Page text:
The Fight for Free Speech


What does restricted free speech look like?

“You can’t say that! You are not in the free speech zone.”

“I was offended by what my professor said; I’m going to report it.”


The first amendment of the Constitution that holds this very country together is under attack on college campuses nationwide. Student activists are being herded into “free speech zones,” specifically marked areas that are used to sequester free speech. Outside of these marginal areas, microaggressions are being criminalized and student activities halted to allegedly protect students.

Sparking national outrage, headlines announcing administrative action against students challenging restrictive free speeches have ubiquitously claimed the front page of major news outlets.

It is not supposed to be like this.

Universities and colleges are meant to be places that encourage free expression and thought, not ones that stifle it with restrictive, unconstitutional policies that have been spawned from fear of disagreement or disturbance of the administrative status quo.

Young Americans for Liberty (YAL) leaders at Grand Valley State University were stopped by administrators for handing out pocket Constitutions because they were recruiting outside the designated free speech zone. Kellogg Community College YAL leaders were arrested in September 2016 for doing the same because they were in violation of the school’s Solicitation Policy.  

These arrests and shut downs are not setbacks but rather gains for YAL, a national non-profit organization that is aggressively fighting to protect first amendment rights at college and university campuses. In less than a decade, YAL has unified over 400,000 student activists in 900+ chapters behind their national Fight for Free Speech campaign.

The impact of this unity is twofold: YAL leaders and members are working as a  team to promulgate the need to preserve free speech, and in doing so are attracting more students to join the cause. Unity yields greater unity; teamwork grows the team.

As a collective, YAL members are hosting open forums, events with pro-individual rights speakers, and rolling around 10-foot free speech balls in a national call to action. These activists seek to challenge unconstitutional free speech codes by petitioning their respective administrations to adopt the University of Chicago’s principles on freedom of expression – an unparalleled pro-first amendment policy. In cases of administrative pushback, YAL teams with leading civil liberties attorneys to litigate against campuses restricting free speech.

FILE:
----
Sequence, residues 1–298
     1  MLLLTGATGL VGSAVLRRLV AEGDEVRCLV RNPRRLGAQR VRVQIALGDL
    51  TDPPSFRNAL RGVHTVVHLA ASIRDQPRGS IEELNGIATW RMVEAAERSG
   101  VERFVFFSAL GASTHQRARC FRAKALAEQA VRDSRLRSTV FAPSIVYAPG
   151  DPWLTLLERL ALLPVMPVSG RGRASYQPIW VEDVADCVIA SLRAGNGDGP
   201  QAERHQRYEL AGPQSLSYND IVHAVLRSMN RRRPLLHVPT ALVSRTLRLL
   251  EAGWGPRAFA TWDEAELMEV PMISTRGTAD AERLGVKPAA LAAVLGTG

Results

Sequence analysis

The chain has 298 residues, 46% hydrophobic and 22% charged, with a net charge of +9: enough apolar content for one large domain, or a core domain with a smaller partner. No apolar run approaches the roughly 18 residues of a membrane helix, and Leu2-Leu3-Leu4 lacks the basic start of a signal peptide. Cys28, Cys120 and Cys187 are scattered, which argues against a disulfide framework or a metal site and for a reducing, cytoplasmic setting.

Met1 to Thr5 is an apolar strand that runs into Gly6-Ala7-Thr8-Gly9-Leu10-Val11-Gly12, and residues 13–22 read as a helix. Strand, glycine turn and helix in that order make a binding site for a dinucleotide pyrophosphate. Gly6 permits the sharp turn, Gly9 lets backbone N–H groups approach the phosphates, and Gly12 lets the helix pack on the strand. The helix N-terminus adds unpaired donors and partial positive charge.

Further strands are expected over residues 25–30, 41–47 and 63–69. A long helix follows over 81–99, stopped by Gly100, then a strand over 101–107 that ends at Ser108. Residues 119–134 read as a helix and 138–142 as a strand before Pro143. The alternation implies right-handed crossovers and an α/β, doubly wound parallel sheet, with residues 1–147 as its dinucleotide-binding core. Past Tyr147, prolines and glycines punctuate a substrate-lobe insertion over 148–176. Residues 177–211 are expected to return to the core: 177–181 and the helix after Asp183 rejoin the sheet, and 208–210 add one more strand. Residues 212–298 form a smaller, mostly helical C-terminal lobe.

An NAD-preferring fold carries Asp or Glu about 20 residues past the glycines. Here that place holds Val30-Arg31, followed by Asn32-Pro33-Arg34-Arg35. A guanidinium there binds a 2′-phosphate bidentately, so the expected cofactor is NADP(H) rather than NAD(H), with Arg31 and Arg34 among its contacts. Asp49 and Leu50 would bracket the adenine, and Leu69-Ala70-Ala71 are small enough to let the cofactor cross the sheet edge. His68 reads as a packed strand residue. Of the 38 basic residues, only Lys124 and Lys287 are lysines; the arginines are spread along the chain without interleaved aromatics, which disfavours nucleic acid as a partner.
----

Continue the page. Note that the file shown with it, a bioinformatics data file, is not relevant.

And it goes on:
Together with the Foundation for Individual Rights in Education (FIRE) YAL members has successfully challenged unconstitutional free speech codes  at over 30 colleges, including Kellogg Community College where on January 18, 2017 YAL leaders legally filed a case against the administration. The results of the aforementioned case has the potential to set a national precedent against unconstitutional free speech policies, free speech zones, and arbitrary halts on student activity under the guise of “protection.”

YAL is the unequivocal leader in championing free speech under the frame of a principled dedication to liberty and individual rights.

This semester YAL is hosting Spring Summits to spark the conversation across 6 different cities, bringing together hundreds of youth activists. In Chicago, 363 enthusiastic youth activists had the opportunity to listen to major voices in the liberty movement and network. In Los Angeles 374. The Boston summit is tomorrow,  March 25th at the Boston Seaport Hotel and World Trade Center.

What does the fight for free speech look like?

Well, imagine a wooden wheel. The hub of that wheel is an unwavering dedication to preserve free speech. The spokes are each YAL member, chapter, state, and region working together. The frame is a commitment to winning on principle. It is only with all of these aspects combined can we truly drive the wheels of freedom forward.


This article is the first in a series, “The Wheels of Liberty”, on the ideas that have shaped the liberty movement.


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